Arlington Magazine, August 2015

Restaurant Critic Phyllis Richman’s Cookbook Collection Goes to Auction Proceeds from the Aug. 12 sale at Quinn’s Auction House in Falls Church will benefit the Parkinson’s Foundation.


Have you ever wondered what a restaurant critic cooks at home? If you head to Quinn’s Auction Galleries in Falls Church on Wednesday, you’ll find a wealth of answers from The Washington Post’s longtime food editor and restaurant reviewer Phyllis Richman.

Nearly 200 cookbooks from Richman’s private collection will hit the auction block, including many first editions and signed copies with authors’ inscriptions to the legendary food writer, who recently chronicled her culinary adventures in Arlington for this magazine.

The collection heading to auction includes the first-edition volume of The French Menu Cookbook from 1970, and a 1975 edition of The Joy of Cooking. There are also several books on Jewish and kosher cooking, including Jewish Cooking in America by noted cookbook author and journalist Joan Nathan.

I also spotted a copy of the kids’ book title Cool Careers for Girls in Food—an especially resonant addition in light of this biting commentary that Richman penned for the Post about a Harvard dean who declined to admit her to the school’s urban planning program for fear that her studies would leave her unable to fulfill her responsibilities as a wife and mother. (The food world is ever grateful to that dean, given that Richman ended up pursuing a career in food journalism instead.)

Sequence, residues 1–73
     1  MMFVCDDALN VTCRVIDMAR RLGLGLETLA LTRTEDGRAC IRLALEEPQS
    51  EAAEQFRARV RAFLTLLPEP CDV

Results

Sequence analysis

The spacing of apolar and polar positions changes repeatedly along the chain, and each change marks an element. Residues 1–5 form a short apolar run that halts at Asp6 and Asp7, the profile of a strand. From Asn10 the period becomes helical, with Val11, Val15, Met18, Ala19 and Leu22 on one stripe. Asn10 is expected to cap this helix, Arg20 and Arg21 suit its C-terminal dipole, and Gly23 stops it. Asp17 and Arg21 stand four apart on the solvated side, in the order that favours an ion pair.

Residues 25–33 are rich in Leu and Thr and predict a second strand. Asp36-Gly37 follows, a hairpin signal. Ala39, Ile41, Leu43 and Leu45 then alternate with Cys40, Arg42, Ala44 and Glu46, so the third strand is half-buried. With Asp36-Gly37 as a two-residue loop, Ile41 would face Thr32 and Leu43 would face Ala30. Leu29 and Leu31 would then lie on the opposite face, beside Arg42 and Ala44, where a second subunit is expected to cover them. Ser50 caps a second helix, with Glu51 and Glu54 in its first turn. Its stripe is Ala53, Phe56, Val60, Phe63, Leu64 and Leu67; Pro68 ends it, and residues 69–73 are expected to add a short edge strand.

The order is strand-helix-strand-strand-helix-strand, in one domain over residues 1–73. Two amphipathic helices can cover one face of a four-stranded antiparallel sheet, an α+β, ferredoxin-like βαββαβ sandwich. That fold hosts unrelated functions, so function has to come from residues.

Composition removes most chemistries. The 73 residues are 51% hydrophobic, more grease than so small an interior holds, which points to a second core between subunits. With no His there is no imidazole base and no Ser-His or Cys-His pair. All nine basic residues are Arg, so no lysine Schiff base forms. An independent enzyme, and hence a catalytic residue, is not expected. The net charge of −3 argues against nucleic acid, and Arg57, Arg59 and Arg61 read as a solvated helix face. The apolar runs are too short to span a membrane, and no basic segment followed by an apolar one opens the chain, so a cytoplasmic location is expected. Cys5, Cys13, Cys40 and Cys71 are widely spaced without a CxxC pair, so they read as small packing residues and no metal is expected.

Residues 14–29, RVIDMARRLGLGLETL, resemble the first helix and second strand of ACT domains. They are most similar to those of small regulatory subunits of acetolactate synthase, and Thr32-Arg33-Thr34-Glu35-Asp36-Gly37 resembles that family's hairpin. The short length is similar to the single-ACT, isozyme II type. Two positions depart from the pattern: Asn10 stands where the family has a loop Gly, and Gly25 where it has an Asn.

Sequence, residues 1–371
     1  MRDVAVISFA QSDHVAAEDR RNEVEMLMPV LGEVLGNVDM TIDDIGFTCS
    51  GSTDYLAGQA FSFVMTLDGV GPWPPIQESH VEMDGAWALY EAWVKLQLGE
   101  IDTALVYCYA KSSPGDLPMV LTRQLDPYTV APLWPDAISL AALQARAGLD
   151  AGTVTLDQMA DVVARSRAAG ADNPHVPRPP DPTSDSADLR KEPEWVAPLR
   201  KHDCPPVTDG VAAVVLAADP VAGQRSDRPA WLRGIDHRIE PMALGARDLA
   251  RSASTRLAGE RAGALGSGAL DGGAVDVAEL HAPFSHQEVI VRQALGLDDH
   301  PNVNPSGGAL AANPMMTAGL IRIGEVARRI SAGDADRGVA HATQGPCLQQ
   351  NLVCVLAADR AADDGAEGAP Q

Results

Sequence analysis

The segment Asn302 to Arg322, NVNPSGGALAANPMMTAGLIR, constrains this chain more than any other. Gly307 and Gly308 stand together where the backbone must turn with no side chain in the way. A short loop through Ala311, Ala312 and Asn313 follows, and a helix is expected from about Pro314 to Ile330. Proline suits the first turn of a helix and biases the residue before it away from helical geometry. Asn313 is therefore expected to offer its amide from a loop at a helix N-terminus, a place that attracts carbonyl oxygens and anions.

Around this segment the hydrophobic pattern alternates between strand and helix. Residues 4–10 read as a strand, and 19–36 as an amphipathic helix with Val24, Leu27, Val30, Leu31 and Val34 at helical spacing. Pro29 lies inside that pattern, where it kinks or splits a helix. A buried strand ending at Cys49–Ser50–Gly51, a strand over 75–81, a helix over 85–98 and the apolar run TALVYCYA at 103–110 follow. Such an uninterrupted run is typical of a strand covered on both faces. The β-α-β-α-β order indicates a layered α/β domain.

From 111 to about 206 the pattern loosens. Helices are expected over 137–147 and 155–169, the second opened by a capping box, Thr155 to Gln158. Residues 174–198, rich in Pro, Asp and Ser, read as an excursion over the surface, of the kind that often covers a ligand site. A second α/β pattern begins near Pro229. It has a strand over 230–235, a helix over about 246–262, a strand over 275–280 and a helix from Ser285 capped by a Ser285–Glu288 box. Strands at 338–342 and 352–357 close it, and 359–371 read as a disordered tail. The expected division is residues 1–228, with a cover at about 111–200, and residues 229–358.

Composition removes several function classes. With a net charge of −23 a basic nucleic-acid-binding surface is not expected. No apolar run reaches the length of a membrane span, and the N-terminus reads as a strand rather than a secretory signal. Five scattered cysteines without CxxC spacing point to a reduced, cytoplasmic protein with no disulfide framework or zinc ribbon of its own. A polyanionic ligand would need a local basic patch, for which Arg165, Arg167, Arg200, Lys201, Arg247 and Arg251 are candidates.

The sale will also include copies of Richman’s own mystery novels, The Butter Did It and Murder on the Gravy Train, for $10 each.

Also on the auction block: several commemorative plates from the many James Beard Foundation dinners Richman attended during her career. Each of the plates, from 1992, 1994, 1996, 1997 and 1998, has a design relating to the theme of that year’s dinner.

The preview begins at 10 a.m. this Wednesday, and the auction begins at 6 p.m. Quinn’s Auction Galleries are located at 360 South Washington St. in Falls Church. Proceeds will benefit the Parkinson Foundation of the National Capital Area.

This article originally appeared online August 10, 2015 in Arlington Magazine, authored by Jennifer Sergent.